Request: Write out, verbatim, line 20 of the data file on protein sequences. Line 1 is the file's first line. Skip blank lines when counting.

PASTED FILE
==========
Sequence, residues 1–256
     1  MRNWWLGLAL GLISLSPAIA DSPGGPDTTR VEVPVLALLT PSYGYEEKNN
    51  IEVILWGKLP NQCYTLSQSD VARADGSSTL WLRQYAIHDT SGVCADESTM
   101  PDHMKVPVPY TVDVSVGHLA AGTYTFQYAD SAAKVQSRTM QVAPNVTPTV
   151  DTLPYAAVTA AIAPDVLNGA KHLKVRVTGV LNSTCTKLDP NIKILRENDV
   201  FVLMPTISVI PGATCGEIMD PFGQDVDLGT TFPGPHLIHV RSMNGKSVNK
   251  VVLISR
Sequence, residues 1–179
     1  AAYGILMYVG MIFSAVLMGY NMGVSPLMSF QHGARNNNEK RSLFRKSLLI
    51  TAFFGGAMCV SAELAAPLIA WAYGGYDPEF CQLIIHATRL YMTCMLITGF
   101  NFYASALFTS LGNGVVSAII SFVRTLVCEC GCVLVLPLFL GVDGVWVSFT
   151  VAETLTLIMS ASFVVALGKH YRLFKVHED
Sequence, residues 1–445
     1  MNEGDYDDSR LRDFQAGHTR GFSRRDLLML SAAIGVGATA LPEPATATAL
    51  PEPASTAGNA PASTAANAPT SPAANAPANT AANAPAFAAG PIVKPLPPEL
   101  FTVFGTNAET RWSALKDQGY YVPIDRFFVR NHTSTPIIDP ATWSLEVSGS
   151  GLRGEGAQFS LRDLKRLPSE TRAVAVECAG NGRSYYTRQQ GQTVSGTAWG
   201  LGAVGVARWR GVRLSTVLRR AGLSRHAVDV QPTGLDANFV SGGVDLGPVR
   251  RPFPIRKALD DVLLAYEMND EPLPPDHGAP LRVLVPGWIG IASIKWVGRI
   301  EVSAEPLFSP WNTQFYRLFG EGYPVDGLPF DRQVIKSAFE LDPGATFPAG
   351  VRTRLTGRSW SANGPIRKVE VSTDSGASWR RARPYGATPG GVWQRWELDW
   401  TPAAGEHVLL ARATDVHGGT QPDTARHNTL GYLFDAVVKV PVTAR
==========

   301  EVSAEPLFSP WNTQFYRLFG EGYPVDGLPF DRQVIKSAFE LDPGATFPAG